Case-case analysis of Campylobacter and Salmonella - Using surveillance data for outbreak investigations and monitoring routine risk factors

Kristen M Pogreba-Brown, P. O'Connor, J. Matthews, E. Barrett, Melanie L Bell

Research output: Contribution to journalArticle

2 Citations (Scopus)

Abstract

Utilising routine surveillance data, this study presents a method for generating a baseline comparison that can be used in future foodborne outbreak investigations following a case-case methodology. Salmonella and Campylobacter cases (2012-2015) from Maricopa County, AZ were compared to determine differences in risk factors, symptoms and demographics. For foods and other risk factors, adjusted odds ratios were developed using Campylobacter as the reference. Comparisons were also made for three major Salmonella subtypes, Typhimurium, Enteritidis and Poona as compared with Campylobacter. Salmonella cases were younger, while Campylobacter cases were more Hispanic and female. Campylobacter cases reported consuming peppers, sprouts, poultry, queso fresco, eggs and raw nuts more and reported contact with animal products, birds, visiting a farm or dairy, owning a pet, a sick pet, swimming in a river, lake or pond, or handling multiple raw meats more. Salmonella cases reported visiting a petting zoo and contact with a reptile more. There were significant variations by Salmonella subtype in both foods and exposures. We recommend departments conduct this analysis to generate a baseline comparison and a running average of relevant odds ratios allowing staff to focus on trace-back of contaminated food items earlier in the outbreak investigation process.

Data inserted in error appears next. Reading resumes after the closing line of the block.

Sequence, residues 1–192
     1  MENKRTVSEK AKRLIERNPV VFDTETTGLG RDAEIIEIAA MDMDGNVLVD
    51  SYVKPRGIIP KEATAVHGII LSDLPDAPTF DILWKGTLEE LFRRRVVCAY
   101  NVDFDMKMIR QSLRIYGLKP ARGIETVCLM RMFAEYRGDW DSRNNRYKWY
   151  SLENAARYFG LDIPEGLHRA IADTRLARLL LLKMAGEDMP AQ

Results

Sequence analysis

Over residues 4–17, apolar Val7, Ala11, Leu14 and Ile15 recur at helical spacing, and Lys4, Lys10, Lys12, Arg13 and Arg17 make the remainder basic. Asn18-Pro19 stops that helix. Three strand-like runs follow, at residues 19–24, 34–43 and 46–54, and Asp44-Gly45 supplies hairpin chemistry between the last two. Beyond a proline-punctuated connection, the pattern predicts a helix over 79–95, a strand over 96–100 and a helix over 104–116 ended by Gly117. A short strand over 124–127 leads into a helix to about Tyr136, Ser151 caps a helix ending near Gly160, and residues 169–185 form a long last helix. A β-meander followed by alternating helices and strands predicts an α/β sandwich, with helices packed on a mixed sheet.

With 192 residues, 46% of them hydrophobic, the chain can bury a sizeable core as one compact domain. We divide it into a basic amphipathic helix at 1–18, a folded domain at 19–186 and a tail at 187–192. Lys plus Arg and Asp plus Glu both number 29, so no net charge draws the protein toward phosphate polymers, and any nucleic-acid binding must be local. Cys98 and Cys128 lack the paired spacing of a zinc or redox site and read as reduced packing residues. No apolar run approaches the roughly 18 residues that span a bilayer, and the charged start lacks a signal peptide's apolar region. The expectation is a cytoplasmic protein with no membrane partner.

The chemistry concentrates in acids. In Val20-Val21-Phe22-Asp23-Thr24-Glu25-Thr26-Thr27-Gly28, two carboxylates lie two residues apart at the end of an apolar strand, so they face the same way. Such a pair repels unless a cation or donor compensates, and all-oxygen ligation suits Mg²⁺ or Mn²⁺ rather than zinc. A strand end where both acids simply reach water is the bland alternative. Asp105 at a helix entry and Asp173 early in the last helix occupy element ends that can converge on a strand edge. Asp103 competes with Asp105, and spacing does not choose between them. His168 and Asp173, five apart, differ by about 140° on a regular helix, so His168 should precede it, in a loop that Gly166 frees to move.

Original languageEnglish (US)
JournalEpidemiology and Infection
DOIs
StateAccepted/In press - Jan 1 2018

Fingerprint

Campylobacter
Salmonella
Disease Outbreaks
Pets
Food
Odds Ratio
Nuts
Reptiles
Salmonella typhimurium
Poultry
Lakes
Hispanic Americans
Rivers
Meat
Eggs
Birds
Demography

Keywords

  • Campylobacter
  • case-case
  • outbreaks
  • Salmonella
  • surveillance

ASJC Scopus subject areas

  • Epidemiology
  • Infectious Diseases

Cite this

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